In order to qualify as a ‘secure electronic signature’ under the Electronic Signature Law, it must:

  • be exclusively assigned to the signature owner,
  • be generated with the secure electronic signature creation device which is kept under the sole control of the signature owner,
  • enable the identification of the signature owner based on the Qualified Electronic Certificate,
  • enable detection as to whether or not the signed electronic data has been altered or not after it was signed.

According to the Electronic Signature Law, a secure electronic signature has the same legal effect as a wet signature. In one case, the Court of Appeal ruled that in case of a conflict between court documents one of which was executed by an electronic signature and the other by a handwritten signature, the document executed by electronic signature would take precedence over the handwritten signature.

However, the Electronic Signature Law does not allow the establishment of every contract by using electronic signature; whereby legal transactions requiring official form or a special ceremony, as well as guarantee contracts, are excluded.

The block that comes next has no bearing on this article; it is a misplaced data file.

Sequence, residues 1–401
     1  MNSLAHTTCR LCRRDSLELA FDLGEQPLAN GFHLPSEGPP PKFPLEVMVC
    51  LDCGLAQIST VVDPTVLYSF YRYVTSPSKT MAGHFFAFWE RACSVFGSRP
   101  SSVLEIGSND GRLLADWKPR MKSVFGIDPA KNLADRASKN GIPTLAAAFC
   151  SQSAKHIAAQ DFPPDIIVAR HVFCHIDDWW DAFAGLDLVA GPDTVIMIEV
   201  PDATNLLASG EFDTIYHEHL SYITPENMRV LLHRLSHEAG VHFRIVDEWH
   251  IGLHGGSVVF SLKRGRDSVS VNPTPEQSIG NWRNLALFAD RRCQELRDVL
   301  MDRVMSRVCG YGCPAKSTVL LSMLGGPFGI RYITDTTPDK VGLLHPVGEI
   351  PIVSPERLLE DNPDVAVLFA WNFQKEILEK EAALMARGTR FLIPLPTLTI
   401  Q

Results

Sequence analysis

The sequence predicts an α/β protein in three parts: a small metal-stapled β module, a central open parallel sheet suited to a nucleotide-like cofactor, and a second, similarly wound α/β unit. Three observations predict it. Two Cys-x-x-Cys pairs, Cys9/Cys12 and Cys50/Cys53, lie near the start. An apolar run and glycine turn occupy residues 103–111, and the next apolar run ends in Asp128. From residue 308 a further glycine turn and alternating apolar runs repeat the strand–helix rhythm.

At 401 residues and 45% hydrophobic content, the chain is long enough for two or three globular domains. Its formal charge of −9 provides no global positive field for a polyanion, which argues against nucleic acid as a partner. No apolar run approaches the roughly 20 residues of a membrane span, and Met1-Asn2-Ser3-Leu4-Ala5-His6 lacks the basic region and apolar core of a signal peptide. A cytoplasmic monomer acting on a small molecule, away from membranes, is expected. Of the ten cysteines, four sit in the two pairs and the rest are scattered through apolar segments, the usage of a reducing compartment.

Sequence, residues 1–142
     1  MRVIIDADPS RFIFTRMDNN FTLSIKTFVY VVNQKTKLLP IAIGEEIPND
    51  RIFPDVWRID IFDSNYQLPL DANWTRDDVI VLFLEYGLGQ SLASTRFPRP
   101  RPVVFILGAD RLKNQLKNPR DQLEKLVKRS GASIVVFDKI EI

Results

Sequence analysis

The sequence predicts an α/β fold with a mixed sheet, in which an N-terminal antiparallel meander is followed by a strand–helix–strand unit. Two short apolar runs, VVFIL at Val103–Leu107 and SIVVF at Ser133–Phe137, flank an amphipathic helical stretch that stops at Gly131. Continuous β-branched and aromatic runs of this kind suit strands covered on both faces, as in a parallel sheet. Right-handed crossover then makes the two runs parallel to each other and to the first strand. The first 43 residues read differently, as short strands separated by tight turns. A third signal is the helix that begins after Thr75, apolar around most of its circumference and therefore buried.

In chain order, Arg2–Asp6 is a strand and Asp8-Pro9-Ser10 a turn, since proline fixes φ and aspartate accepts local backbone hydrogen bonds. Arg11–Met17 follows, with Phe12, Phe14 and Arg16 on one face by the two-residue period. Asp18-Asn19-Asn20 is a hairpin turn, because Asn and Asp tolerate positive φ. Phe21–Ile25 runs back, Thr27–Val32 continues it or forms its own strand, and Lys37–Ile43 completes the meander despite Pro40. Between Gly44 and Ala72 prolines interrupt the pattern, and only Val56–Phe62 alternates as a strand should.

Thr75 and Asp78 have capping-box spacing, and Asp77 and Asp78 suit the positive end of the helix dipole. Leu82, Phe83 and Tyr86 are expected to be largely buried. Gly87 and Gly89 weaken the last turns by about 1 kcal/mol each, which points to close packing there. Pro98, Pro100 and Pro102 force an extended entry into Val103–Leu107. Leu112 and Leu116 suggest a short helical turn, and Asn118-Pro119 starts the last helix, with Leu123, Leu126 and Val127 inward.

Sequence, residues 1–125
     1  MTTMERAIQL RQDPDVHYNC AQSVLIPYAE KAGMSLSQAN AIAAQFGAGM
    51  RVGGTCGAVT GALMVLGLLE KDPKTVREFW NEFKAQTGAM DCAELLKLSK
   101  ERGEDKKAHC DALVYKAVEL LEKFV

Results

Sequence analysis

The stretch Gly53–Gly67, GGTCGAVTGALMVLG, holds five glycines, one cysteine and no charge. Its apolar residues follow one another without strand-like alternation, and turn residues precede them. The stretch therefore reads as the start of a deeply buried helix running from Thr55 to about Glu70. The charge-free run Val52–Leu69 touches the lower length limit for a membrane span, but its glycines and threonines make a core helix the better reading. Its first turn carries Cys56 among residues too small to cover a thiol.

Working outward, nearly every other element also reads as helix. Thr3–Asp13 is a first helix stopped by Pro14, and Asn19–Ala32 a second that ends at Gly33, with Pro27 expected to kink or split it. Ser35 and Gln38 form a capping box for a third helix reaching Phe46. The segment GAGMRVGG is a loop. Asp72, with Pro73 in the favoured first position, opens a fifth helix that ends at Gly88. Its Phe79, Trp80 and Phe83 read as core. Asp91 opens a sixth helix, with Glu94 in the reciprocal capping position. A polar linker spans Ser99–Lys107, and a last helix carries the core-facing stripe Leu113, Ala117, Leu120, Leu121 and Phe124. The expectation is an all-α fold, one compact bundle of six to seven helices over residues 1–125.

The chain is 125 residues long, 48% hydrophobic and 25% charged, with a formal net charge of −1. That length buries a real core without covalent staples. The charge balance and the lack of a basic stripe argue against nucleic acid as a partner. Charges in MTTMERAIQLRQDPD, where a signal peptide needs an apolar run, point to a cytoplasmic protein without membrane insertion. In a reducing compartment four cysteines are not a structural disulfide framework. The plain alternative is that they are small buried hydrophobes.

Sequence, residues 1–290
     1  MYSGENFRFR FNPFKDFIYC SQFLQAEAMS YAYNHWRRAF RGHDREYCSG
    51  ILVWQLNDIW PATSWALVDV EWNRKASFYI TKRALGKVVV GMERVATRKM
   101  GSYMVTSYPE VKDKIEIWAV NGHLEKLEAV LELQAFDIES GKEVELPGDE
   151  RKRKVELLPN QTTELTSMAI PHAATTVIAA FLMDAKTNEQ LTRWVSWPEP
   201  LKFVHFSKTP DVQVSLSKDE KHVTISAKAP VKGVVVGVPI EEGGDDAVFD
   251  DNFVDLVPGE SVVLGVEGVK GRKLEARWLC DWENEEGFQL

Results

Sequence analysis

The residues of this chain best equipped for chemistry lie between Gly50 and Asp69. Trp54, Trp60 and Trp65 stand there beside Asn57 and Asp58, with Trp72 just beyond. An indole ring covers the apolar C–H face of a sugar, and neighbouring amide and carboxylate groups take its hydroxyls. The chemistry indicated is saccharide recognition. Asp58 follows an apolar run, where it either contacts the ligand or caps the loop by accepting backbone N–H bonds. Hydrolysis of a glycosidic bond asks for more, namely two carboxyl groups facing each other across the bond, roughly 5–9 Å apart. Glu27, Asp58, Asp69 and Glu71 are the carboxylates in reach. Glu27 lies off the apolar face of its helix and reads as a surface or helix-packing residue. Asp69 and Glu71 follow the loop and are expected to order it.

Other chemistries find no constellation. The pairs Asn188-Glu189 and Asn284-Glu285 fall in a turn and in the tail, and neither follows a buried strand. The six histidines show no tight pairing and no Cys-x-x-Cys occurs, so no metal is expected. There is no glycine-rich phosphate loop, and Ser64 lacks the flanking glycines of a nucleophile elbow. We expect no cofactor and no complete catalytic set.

Since Turkish Law does not require a special form for the establishment of contracts generally, contracts concluded by other electronic means (such as emails or websites) are deemed valid, even they are not signed with a secure electronic signature.


Considering the fact that e-contracts reduce costs, save time and eliminate the geographical barriers, e-commerce will be playing an important role in the coming future.

Therefore, it is expected that e-contracts will become more and more popular in today’s world, where technology and digitalisation are rapidly growing. Under Turkish Law, electronic contracts are not subject to different rules when compared to the contracts that are established by classical methods. However, with the technologic developments, some practical differences for the establishment of electronic contracts have emerged. Accordingly, in recent years, Turkish courts started recognising such differences and have been upholding the validity of an unsigned contract that has been discussed via electronic means.

For more information, please contact:

Mr Erdogan A. Oksak, partner

Ms. Ezgi Ulga, senior associate

Abcoo Law Firm
İnönü Caddesi,
Devres 50, Kat: 2,
Beyoğlu 34427,

T:+90 212 293 05 93